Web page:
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Toe Jams

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  • Toe Jams

    Toe Jams and Dust In Her Johnny Rustywire
    It was Saturday night at the pow wow grounds, the day had been hot and the night was just a little bit cooler. It was near the arbor, the shade covering around the pow wow dance arena. It was crowded, people from all over, Indians dressed in their buckskins feathers, children running around, some folks sitting in their folding chairs.

    She was standing there, her long braided black hair perfectly split and she wore white buckskin with cut glass beads in the style of the Southern Cheyenne traditional dancers. She held a fan of eagle feathers; she was tall and maybe 18 or so. In the glow of the night-lights she looked gold colored, a soft haze covered her. There were three of them women traditional dancers standing there waiting to hear the call for the young women's traditional dance.

    A drum group, the Prairie Island Pontiacs were taking a break. The group came from the Windy City, that place on the eastern plains, of tall towers and cold winds. One of them wore shades, wearing a shirt that said Chicago Cubs, he was carrying his drumstick, long it was, all puffy and round at the top. He was swinging it around his finger as he was talking to his friend. He swung it and it hit this girl from behind and she turned around.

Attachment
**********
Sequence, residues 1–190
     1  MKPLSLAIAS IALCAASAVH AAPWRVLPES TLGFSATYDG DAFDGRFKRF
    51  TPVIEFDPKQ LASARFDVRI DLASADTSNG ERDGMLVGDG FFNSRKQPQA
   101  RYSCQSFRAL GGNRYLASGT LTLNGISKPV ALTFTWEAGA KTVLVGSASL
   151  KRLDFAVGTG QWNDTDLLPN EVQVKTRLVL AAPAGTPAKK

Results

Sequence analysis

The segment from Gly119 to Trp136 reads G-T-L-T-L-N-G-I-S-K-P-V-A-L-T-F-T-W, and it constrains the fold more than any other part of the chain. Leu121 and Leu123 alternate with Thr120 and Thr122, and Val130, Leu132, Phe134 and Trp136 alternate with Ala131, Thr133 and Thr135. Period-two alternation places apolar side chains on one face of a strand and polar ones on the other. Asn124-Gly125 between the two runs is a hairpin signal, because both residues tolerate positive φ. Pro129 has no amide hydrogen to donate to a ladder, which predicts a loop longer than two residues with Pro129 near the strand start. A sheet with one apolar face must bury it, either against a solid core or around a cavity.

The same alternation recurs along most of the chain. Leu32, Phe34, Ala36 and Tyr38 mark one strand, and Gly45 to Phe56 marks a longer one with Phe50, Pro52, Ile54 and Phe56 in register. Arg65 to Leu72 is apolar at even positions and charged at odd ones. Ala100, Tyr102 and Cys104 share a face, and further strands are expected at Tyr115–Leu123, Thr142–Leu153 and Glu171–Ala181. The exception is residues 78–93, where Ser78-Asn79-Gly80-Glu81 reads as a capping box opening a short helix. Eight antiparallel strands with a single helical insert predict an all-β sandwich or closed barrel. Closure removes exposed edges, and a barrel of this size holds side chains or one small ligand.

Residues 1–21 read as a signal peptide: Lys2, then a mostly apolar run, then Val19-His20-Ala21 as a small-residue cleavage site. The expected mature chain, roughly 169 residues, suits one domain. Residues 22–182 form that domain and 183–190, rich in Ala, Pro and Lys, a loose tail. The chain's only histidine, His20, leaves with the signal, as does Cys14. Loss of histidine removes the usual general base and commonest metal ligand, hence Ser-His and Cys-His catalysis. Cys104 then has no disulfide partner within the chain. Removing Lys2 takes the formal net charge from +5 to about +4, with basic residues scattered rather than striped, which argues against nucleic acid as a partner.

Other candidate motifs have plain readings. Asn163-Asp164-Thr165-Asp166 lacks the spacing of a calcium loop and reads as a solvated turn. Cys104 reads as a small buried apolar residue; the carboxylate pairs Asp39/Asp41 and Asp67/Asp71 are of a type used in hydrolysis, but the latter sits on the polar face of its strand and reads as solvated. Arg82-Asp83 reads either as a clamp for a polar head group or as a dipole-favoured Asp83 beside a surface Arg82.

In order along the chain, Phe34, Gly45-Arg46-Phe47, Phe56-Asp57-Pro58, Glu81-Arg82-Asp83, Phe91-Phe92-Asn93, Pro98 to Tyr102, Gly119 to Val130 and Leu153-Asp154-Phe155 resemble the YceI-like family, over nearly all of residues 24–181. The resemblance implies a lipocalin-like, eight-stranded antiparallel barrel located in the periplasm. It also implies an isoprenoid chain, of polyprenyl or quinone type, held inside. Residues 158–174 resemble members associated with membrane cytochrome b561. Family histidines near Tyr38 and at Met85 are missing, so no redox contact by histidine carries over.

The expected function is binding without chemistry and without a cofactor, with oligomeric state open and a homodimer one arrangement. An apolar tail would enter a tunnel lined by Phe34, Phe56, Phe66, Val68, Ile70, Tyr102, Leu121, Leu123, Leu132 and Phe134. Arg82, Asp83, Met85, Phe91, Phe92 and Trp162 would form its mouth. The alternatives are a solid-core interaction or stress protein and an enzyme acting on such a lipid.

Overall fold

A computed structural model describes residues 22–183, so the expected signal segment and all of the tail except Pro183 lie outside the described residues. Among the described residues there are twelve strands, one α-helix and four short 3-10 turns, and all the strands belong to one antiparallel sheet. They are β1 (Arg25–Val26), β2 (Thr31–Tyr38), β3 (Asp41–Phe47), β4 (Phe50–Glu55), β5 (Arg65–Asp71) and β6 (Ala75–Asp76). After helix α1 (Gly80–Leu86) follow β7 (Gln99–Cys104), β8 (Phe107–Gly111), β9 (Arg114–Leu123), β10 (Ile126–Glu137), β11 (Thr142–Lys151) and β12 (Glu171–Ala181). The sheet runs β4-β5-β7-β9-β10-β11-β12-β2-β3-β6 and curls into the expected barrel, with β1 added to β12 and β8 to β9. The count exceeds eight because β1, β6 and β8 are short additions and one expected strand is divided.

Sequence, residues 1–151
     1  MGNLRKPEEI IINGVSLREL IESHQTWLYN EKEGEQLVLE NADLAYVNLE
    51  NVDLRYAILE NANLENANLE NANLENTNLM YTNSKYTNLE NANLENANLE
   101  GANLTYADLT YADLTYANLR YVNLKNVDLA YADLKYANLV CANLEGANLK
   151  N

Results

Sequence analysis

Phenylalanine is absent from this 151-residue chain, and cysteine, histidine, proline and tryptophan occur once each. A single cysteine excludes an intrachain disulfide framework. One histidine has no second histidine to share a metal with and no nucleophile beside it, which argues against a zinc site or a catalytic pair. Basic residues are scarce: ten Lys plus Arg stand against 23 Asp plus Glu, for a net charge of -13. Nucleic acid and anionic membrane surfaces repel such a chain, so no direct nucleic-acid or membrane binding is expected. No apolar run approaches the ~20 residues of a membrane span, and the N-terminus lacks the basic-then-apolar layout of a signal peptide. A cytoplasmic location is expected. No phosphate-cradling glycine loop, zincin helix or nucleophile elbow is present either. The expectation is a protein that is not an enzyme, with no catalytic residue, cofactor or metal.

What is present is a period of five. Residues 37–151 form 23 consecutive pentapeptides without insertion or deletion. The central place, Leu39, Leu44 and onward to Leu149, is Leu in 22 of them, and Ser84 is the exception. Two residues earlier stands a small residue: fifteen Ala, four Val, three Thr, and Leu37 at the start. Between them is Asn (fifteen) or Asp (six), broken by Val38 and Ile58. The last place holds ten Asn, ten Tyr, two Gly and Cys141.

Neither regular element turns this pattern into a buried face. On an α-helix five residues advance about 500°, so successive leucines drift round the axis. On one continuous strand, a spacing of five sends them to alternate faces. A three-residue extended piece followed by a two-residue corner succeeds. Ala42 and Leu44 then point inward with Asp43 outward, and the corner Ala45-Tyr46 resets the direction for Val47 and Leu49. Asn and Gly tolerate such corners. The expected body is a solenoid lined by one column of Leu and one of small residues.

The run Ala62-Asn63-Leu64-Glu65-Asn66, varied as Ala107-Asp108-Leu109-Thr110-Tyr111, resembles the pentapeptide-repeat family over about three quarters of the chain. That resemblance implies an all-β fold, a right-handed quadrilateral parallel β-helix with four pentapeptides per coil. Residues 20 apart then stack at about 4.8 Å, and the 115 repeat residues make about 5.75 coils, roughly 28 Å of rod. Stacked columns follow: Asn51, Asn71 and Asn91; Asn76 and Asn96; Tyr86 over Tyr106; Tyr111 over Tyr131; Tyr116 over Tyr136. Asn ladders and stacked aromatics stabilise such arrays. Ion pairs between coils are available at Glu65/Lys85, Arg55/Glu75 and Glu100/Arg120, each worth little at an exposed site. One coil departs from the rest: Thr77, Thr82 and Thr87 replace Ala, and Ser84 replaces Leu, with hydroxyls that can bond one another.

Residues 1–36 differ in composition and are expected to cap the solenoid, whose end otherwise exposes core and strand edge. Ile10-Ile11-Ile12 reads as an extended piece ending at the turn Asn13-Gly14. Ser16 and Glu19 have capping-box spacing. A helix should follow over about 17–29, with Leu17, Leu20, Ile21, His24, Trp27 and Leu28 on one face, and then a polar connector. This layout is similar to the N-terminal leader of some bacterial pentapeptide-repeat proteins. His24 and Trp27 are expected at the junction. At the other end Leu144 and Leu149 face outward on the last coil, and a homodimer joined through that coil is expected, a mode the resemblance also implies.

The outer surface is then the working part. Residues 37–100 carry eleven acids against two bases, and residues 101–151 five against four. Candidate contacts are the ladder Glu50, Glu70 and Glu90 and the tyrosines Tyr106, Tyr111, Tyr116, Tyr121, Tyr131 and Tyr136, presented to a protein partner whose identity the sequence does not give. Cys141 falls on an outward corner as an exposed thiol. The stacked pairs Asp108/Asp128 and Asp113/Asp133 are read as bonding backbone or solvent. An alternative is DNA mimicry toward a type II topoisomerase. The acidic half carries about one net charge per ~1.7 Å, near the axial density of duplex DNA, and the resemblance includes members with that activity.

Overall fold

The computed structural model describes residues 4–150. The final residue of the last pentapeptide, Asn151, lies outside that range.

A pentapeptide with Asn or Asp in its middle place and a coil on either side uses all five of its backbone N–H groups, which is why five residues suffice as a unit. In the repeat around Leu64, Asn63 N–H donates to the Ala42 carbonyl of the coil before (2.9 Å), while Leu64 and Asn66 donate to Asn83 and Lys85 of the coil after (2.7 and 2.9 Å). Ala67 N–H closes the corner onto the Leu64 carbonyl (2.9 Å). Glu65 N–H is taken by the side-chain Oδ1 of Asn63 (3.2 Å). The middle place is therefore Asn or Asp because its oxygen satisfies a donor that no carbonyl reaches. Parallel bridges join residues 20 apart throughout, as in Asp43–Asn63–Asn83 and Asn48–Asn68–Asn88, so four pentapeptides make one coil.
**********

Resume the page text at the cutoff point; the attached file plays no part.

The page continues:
"Oh," he said, "I'm sorry"

    She pulled at her buckskin looking to see if it had any marks from the stick. She looked at it and then at him in an instant.

    She always had in her mind the kind of Indian guy she would like to meet. She had thought on him from time to time. He would be tall with braids, maybe with broad shoulders and a square jaw with high cheekbones and a certain kind of look around the eyes, sort of hard but not really that way. He would have an easy smile and be narrow at the hips, swift legs and all of sudden he the one she had seen in her dreams was standing there.

    He looked at her and his said, "I'm sorry I didn't see you"

    Her friends said, "You should look at where you are going, Bro!"

    He turned away and then she said, "It's o.k. my buckskin isn't messed up," He turned to walk away and then she thought, what am I going to say to him. What is his name?

    He stepped away twoard the food stand and she grabbed his drumstick and held onto it. It was still on his finger and she caught him off guard and it pulled him back. It stopped him dead in his tracks. He stopped and stood perfectly still then turned around.

    She laughed at him and said; "Now we are even!"

    He laughed a small laugh and liked her smile, but his friend said, "We have to go!" His friends continued to walk away to the stew stands, to drink some cold drinks, something to clear the throat and maybe grab a burger if there was time.